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Mr. Darcy's Proposal Paperback – September 22, 2011
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About the Author
Ms. Mason-Milks says, “Writing stories inspired by Austen’s books offers a way to spend more time with characters I’ve grown to love. Just because the book ends, it doesn’t have to be the end of the story.” In addition to writing, her other loves include singing in "a cappella joy" (a women's barbershop chorus), reading, and yoga. She currently lives in Seattle with her husband and their three cats. In addition to her blog at http://www.austen-whatif-stories.com, she is also part of a group blog called austenauthors.net.
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In their early discussions, Darcy and Elizabeth are both candid, and Darcy makes great efforts to improve his behavior; he is loving but restrained with Elizabeth (having determined that he will not take her to bed until she has learned to love him). Elizabeth doesn’t understand why they are not sharing a bed, nor the impact of the sexual tension (not that she recognizes it as such). It’s obvious that she’s not going to figure out that she’s learning to love him.
Their relationship starts to erode when they move to Pemberley where Darcy is used to making all the decisions on his own. One example (of ever so many): Elizabeth (authorized by Darcy to make any changes she wants) spends a day rearranging the furniture in a drawing room; the next day it is back to the original layout. Mrs. Reynolds tells Elizabeth, when she asks, that Darcy ordered it so. This rankles Elizabeth, but she doesn’t mention it to Darcy. And it was at this point that I realized I didn’t recognize either of the main characters. While I could see a concerned Darcy hedging Elizabeth in with unexplained restrictions (not to walk alone, etc.), it seemed impossible that he didn’t recognize this action as undermining her authority with the servants (even if he didn’t figure out that her feelings would be hurt). And, if the change bothered him (and, indeed, why should it?), why not just say so? And why wasn’t Elizabeth talking to him about it? This sort of situation (over and over) became inexplicable.
There are a few examples of the misplaced apostrophes (especially using them to make plurals) so common in Jane Austen fan fiction, and a few other minor errors, but generally this work does not have problems with basic grammar—which makes it much easier to read.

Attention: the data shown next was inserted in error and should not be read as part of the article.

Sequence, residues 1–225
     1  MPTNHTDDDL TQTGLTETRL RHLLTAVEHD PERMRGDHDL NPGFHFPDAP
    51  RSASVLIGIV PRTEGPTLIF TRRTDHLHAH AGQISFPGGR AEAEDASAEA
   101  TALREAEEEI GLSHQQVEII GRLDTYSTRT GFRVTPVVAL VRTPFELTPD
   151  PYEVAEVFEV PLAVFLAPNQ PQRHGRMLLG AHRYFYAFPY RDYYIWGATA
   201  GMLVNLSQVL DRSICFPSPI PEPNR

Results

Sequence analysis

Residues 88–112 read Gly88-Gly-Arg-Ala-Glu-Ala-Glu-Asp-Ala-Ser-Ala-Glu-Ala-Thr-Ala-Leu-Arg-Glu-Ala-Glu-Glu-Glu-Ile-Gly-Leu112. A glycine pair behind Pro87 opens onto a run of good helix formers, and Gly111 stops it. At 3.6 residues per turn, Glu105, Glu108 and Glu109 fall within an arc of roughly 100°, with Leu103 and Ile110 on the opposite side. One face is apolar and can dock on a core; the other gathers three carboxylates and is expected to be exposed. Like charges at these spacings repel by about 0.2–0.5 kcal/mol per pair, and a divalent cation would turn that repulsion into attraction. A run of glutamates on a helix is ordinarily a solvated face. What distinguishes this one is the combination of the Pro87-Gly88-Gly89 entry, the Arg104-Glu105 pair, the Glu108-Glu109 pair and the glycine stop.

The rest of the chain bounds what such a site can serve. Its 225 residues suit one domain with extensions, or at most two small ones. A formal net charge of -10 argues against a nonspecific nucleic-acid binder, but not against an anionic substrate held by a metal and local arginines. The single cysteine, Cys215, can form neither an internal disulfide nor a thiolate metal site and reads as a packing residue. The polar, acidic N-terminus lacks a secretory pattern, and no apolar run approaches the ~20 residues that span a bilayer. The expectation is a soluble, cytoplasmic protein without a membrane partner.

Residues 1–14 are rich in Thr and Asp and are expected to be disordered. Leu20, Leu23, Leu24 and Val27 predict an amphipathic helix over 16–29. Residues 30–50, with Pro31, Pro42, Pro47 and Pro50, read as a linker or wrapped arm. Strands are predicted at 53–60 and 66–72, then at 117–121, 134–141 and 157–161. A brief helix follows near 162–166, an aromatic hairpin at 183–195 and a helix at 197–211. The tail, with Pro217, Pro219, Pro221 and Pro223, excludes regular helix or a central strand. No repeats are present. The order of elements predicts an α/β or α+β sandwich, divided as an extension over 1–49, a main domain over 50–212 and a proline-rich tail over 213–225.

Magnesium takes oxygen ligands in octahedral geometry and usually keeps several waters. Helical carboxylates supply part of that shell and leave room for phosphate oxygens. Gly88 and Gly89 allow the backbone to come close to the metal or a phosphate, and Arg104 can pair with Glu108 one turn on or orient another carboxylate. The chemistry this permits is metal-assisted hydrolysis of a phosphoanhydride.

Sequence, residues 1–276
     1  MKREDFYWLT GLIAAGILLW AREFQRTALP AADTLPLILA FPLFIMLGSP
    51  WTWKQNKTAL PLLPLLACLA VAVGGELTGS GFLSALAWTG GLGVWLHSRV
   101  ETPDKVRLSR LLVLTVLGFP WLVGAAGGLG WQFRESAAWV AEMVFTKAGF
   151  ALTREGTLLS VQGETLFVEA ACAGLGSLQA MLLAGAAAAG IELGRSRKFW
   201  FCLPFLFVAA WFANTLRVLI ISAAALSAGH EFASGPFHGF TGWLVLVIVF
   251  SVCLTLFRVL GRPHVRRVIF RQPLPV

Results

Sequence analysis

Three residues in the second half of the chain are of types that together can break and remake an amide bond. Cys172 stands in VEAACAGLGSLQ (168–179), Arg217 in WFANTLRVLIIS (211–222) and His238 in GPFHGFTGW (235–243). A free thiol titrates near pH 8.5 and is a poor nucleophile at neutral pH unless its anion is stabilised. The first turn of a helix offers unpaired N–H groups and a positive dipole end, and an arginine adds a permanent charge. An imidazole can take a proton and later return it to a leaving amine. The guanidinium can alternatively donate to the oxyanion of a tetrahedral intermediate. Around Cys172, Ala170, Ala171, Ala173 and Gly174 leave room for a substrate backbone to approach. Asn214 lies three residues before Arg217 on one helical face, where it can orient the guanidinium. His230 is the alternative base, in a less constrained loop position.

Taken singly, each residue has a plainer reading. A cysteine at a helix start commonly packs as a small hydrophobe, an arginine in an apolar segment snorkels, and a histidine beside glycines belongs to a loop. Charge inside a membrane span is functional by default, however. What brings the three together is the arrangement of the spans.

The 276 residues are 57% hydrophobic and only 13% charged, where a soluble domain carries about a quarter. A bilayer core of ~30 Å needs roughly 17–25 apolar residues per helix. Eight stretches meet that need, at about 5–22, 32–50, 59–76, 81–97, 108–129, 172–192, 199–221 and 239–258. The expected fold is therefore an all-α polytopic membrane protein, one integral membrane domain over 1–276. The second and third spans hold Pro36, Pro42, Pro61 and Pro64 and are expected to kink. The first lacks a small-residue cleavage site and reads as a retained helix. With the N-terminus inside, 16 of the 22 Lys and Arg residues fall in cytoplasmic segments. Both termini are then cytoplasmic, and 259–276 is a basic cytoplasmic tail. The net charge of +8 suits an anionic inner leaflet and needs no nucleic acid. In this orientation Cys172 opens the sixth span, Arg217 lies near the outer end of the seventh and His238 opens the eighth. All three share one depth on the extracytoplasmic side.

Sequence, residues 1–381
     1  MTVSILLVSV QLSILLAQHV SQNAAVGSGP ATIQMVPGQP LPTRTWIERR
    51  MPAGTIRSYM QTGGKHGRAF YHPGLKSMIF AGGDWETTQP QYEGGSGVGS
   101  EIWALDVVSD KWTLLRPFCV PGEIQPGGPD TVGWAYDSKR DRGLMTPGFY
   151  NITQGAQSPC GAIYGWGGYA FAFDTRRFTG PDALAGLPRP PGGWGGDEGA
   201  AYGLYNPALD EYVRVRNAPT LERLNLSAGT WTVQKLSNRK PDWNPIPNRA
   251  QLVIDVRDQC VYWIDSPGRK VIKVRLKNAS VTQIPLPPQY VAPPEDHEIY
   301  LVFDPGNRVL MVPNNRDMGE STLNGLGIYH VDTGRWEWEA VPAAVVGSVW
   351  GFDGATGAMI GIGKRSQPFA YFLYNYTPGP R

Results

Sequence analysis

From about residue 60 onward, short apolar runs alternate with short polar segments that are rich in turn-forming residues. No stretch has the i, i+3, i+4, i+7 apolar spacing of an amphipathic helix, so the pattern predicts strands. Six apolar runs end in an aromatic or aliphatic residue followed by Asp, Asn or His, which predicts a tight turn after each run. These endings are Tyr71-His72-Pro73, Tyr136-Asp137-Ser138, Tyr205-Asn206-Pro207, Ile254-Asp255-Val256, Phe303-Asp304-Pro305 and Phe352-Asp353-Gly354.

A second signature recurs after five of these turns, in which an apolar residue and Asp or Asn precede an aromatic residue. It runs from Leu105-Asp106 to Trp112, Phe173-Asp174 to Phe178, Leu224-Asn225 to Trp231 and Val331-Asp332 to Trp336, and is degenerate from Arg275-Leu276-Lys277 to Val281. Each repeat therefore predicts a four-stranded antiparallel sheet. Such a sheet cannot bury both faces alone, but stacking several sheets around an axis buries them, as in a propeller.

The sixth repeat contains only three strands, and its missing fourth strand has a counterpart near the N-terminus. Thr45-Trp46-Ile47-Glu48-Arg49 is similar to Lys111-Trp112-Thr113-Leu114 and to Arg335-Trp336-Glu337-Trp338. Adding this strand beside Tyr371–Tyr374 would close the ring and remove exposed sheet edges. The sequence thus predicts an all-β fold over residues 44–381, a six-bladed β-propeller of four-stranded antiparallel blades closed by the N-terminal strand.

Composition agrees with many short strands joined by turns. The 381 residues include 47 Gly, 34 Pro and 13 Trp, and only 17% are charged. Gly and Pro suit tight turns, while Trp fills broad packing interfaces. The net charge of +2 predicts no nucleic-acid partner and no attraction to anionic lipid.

My sympathies were definitely with Darcy, but saying that, his patience was really more than a normal, healthy, hormone driven male could possibly exhibit. Yes, Mr Darcy of Pemberley is nothing if not a gentleman...a gentleman in love, no less, and one who wants to be sure of his beloved's true affection for him before he claims his marital rights. But to be around such temptation and not to get any relief, must have made the man resort to some self-help. One can only imagine what gentleman Darcy got up to in the privacy of his own chambers. But of course, a gentleman would never admit to any such activity.
Lizzy was very frustrating to me, the reader, too. She eventually came to the conclusion that she loved her husband deeply, but for such a clever young woman, she certainly took her time to put all the clues that her man was an excellent one, together
At one stage, Lizzy overhears two maids gossiping about an old scandal where Darcy's father paid one of the Earl of Matlock's workers a large sum of money to marry a Pemberley maid who found herself in the Family Way. The whispers were that either the young master or George Wickham had compromised the young girl. So, naturally, Lizzy jumps to the conclusion that the culprit must have been Darcy. She did not even consider Wickham, even knowing from very early on in the novel, about his wicked ways and his history with the Darcy family. Lizzy could also have gone to Mrs Reynolds, with whom she has a very good relationship, and admit she overheard the conversation and would like to know the details. she did not have to say she suspected her husband, of any wrongdoing, and she would have learned the particulars from the old housekeeper. Unless, of course, Lizzy thought Mrs Reynolds might lie to protect Darcy. But I feel that the astute Mrs Darcy would be sure to know if the lady was lying.
Darcy also became the height of frustration after he became aware that Lizzy had finally come to love him. He just could not believe the truth: and so it went on and on and on...
I loved the portrayals of all of the secondary characters; they were all just as I imagine them to be. Lady Catherine, Mrs Bennet, Caroline Bingley, Wickham and Lydia have no redeeming qualities; they were all deliciously ghastly. Jane, Bingley, the Earl of Matlock and his whole family, especially the Colonel, Georgiana and the Gardiners were wonderfully portrayed and even Mary and Kitty became more sensible and demure as time went on.
I would have given the novel 3 and 1/2 stars, but I do not know how to record 1/2 a star. But perhaps that 1/2 star should be omitted after all because I am not sure I can forgive the author for not disclosing the outcome of whether the poor, unfortunate Hardy was dismissed or not!
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